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    I have been riding a schwinn target frame s-60 dsx... A single pivot full suspension frame that I spent about twice the cost of the bike upgrading over about two years. I rode it in the massanutten super D twice, and even the XC race the following day this past year.
    I realized after the fact that it would have been smarter to buy sethimg nicer used, but I was impatient and wanted to riding again, same as you. Now, after upgrading nearly every single component on the bike, my wife was wonderful enough to allow me to track down a good deal on a used frame as a birthday present. My 2008 momgoose khyber frame should arrive tomorrow via fedex! Most of my parts will swap over to the new frame. However not all of them. So upgrading what you have is not a bad idea at all, as long as they are things you can take to a new bike... Drivetrain upgrades are a good idea, as it was mentioned, the drivetrain components on Wally world bikes are prettly hard to keep in good adjustment. But the number one thing after tires (very good advice btw) is a seat... A good comfortable seat can be kinda pricey, especially compared to the cost of your bike... Also clipless pedals and shoes are something you can always take to a new bike, and are really worthwhile. Just think ahead to your next bike when thnking of upgrades.

  9. #9
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    Quote Originally Posted by Iridethedirt
    I have been riding a schwinn target frame s-60 dsx... A single pivot full suspension frame that I spent about twice the cost of the bike upgrading over about two years. I rode it in the massanutten super D twice, and even the XC race the following day this past year.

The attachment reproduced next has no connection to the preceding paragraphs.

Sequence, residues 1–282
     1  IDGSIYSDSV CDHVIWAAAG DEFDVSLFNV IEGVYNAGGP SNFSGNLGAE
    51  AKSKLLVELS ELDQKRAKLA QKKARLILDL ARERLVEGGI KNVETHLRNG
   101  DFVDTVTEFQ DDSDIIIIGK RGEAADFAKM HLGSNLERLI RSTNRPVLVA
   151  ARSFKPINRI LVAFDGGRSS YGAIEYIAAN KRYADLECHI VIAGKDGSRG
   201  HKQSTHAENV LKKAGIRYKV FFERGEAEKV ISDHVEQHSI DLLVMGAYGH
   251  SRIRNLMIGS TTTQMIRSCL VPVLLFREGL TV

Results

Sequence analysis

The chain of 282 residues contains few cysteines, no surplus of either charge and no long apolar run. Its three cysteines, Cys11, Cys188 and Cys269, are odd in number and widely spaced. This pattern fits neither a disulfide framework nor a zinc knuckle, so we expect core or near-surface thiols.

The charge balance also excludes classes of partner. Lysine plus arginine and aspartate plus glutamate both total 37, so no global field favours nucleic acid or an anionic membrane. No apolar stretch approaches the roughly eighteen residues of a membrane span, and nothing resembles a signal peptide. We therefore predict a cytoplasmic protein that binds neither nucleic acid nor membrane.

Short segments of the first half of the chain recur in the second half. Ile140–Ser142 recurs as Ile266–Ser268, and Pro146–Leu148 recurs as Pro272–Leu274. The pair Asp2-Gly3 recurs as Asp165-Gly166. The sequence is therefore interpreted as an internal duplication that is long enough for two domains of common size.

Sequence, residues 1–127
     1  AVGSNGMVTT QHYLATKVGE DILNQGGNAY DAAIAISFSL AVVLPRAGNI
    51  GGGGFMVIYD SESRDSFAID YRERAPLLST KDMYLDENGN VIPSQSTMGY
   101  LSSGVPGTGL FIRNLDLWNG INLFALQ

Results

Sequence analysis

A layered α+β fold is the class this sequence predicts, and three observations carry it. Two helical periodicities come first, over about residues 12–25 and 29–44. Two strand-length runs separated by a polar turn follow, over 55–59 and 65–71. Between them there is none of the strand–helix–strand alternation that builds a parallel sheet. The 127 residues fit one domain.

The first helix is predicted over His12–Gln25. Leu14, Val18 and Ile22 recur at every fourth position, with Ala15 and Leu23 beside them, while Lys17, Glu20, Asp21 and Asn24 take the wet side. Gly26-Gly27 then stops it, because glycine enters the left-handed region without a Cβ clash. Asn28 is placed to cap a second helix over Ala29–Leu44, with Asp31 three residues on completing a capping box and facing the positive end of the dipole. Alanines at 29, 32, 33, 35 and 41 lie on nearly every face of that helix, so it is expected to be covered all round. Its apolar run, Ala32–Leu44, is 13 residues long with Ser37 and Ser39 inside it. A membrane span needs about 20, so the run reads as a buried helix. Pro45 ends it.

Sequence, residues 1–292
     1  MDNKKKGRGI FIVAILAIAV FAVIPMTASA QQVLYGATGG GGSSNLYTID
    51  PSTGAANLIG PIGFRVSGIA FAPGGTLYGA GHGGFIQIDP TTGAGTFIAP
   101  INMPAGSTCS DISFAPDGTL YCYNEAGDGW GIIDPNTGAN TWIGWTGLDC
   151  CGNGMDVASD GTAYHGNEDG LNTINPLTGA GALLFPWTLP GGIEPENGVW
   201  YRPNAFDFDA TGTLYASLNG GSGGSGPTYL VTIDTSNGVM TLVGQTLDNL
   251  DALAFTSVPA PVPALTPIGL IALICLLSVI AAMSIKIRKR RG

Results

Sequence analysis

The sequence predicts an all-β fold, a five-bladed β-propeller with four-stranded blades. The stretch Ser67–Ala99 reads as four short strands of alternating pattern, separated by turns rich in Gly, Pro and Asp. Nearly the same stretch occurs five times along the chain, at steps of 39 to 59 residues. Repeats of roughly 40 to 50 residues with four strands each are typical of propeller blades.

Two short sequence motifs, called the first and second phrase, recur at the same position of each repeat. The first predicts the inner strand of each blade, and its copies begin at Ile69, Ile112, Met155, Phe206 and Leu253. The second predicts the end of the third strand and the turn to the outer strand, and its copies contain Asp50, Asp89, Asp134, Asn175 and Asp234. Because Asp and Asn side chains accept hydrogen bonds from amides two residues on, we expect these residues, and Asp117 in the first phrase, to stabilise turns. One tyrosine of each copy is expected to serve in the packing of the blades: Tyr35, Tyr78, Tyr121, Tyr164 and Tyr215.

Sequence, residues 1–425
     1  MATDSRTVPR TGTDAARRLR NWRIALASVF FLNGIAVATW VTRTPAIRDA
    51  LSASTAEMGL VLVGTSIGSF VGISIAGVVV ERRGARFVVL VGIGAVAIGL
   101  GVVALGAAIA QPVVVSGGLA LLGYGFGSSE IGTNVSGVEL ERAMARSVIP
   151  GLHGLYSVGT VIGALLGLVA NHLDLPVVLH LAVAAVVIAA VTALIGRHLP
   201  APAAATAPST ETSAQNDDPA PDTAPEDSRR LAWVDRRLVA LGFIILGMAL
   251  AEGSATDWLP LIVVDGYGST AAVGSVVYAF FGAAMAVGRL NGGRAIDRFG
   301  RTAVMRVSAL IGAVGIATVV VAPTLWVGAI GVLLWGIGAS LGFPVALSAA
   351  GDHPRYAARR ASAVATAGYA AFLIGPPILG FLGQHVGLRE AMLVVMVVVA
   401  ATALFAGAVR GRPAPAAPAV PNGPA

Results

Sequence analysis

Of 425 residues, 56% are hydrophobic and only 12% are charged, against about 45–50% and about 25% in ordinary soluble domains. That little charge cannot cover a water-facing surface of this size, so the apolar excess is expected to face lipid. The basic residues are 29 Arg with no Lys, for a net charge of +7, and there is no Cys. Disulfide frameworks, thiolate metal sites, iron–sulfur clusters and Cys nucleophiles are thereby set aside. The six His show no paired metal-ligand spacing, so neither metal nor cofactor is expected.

I realized after the fact that it would have been smarter to buy sethimg nicer used, but I was impatient and wanted to riding again, same as you. Now, after upgrading nearly every single component on the bike, my wife was wonderful enough to allow me to track down a good deal on a used frame as a birthday present. My 2008 momgoose khyber frame should arrive tomorrow via fedex! Most of my parts will swap over to the new frame. However not all of them. So upgrading what you have is not a bad idea at all, as long as they are things you can take to a new bike... Drivetrain upgrades are a good idea, as it was mentioned, the drivetrain components on Wally world bikes are prettly hard to keep in good adjustment. But the number one thing after tires (very good advice btw) is a seat... A good comfortable seat can be kinda pricey, especially compared to the cost of your bike... Also clipless pedals and shoes are something you can always take to a new bike, and are really worthwhile. Just think ahead to your next bike when thnking of upgrades.
    I think something like this is neat. Do you have any pics of the bike? I would like to see an article if there is one out there where someone takes a walmart/dept. store bike and upgrades it and puts it up against something from the LBS.